The crowd of journalists, functionaries, trade association reps, and political junkies hovering in Brussels for fresh Brexit news grew over the course of the last week following what appeared to be a positive meeting between UK Prime Minister Boris Johnson and Irish Taoiseach Leo Varadkar. That meeting set the stage for what became intensified EU-UK negotiations over the weekend culminating in agreement at this week’s European Summit on a revised Withdrawal Agreement to govern an orderly withdrawal of the UK from the EU. The prevailing view that getting the EU back to the table might be a mountain too high for the UK to climb gave way to realisation of what long had been suspected: the EU has wiggle room.

Following months of emphatic statements by the EU that the agreement negotiated by predecessor Prime Minister Theresa may could be “re-opened” for negotiation, the EU did just that. The UK reversed its earlier rejection of any customs border that could “carve up” the UK and the EU rescinded its long-standing insistence that the UK, as a non-Member State, could not conduct customs checks for the EU. These concessions laid the groundwork for a unique arrangement whereby Northern Ireland would be part of the UK’s customs territory but also would be required to follow EU customs rules. Checks on goods exported from England, Wales and Scotland that present a risk of entering the EU market, i.e., not remaining in Northern Ireland, would ensure payment of EU tariffs The arrangement does not require any change on the side of the EU.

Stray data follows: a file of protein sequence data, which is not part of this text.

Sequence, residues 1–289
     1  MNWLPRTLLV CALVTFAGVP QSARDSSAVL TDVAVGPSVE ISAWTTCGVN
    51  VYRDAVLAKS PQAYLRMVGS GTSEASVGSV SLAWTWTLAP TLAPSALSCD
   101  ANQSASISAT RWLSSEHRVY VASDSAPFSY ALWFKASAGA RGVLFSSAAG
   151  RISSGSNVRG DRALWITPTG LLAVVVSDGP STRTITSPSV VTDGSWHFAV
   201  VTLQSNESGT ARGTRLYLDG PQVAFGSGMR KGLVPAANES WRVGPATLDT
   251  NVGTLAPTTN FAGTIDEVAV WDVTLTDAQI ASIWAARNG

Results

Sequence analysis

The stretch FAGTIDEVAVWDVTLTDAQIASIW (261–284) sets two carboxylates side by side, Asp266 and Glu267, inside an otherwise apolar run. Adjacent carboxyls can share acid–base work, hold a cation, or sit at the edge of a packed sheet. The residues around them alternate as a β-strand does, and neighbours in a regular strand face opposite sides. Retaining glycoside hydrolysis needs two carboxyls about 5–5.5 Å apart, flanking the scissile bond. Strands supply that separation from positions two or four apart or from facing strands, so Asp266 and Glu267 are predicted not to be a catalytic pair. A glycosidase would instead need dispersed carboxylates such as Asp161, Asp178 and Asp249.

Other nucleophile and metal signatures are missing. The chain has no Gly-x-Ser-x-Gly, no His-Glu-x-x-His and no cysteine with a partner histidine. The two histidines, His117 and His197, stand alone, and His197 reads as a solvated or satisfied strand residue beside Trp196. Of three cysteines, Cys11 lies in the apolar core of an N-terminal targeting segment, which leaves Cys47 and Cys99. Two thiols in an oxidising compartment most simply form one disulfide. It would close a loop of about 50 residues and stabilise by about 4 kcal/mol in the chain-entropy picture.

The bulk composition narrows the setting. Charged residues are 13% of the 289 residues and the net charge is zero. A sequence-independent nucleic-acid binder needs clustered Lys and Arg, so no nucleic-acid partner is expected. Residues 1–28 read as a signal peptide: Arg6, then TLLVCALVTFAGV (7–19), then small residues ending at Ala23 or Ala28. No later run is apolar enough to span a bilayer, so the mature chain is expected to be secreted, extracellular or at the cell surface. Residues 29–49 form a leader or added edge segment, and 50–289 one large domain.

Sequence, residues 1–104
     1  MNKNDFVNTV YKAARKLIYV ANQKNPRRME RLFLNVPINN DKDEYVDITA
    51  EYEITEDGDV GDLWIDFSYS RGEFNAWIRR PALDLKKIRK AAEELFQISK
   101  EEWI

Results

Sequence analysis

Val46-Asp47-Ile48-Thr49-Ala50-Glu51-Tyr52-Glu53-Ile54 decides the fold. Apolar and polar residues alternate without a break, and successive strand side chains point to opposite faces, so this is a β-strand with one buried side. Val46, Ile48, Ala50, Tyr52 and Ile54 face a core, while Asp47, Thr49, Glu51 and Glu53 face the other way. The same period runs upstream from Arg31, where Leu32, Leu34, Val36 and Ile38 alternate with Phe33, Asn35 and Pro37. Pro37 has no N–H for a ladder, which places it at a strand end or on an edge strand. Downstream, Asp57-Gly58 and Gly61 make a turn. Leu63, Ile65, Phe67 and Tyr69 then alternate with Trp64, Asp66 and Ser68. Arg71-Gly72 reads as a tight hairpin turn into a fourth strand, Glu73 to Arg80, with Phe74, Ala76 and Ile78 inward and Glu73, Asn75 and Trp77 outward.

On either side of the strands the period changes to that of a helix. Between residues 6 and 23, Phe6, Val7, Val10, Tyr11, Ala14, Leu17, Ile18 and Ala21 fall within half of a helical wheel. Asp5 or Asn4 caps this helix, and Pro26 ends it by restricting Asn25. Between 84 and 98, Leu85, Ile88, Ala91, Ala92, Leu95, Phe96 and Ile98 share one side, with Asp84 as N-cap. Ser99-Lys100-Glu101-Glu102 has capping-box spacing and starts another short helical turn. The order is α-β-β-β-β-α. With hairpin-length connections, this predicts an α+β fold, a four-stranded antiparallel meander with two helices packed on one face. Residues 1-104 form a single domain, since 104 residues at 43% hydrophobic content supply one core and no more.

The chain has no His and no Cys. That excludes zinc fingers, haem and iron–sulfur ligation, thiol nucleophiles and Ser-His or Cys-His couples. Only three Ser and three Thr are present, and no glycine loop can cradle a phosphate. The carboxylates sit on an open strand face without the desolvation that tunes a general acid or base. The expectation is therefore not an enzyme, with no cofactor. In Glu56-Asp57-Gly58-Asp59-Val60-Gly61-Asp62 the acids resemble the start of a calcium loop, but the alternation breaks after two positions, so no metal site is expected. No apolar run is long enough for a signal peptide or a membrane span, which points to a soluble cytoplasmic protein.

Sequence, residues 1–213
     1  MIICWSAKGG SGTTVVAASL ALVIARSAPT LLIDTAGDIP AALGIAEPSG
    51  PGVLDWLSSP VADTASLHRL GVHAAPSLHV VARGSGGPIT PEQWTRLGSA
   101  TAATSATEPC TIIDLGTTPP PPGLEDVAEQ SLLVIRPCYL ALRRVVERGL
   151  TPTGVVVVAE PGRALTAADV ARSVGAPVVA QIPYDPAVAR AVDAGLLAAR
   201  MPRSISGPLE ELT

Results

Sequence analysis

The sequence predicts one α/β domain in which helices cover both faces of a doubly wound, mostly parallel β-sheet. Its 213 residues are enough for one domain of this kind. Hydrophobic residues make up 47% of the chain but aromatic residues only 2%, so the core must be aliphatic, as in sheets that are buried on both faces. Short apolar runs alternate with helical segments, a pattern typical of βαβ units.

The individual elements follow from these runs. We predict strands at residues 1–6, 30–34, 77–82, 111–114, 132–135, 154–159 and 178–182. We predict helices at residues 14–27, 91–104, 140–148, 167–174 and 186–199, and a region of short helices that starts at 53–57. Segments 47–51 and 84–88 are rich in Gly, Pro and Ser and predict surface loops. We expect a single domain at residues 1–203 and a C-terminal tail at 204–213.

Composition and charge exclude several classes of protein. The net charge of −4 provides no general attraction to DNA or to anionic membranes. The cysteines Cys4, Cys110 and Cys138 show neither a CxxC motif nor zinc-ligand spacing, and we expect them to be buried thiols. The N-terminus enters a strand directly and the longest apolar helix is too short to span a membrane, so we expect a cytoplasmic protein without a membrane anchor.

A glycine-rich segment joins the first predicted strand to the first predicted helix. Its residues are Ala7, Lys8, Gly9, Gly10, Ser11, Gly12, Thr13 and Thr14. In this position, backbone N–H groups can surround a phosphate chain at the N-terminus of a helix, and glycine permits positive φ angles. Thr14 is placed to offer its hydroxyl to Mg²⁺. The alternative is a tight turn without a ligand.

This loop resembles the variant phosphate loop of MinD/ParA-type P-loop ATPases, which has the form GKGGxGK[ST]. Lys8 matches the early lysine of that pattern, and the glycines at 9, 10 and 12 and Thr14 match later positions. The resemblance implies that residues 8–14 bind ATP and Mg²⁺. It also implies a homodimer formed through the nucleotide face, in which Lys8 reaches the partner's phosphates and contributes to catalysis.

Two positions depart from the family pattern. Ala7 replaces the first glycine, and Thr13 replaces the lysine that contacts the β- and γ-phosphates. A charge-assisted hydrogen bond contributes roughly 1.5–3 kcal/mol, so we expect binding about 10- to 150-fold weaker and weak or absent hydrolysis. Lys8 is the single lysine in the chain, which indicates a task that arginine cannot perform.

Crucial to reaching agreement was a new “consent mechanism” that gives Northern Ireland power to decide whether to continue or terminate the arrangement after four years and every four years after. It was this consent mechanism that enabled the EU to abandon its previously untouchable “backstop” that would have kept the UK permanently in the EU’s customs union if the EU and the UK were unable to conclude a trade deal by the end of a transition period scheduled under the Withdrawal Agreement to end on 31 December 2020.

The big question is whether Johnson can summit the next challenge. With a minority government, Prime Minister Boris Johnson must keep the party faithful, but also convince others to cross party lines, to obtain the 320 votes in the UK Parliament to ratify the revised Agreement. The vote will take place in an extraordinary sitting on Saturday, 19 October. Further complicating matters, opposition parties intend to push for a second referendum but are yet to agree on the best way to achieve it. Should Johnson fail to achieve a majority, the Benn Act, passed by the Parliament in September to avoid a “hard” Brexit, requires the Prime Minister to write to the EU before midnight to seek an extension until 31 January 2020. The vigil outside the UK Parliament is in full swing but with much less hope of white smoke.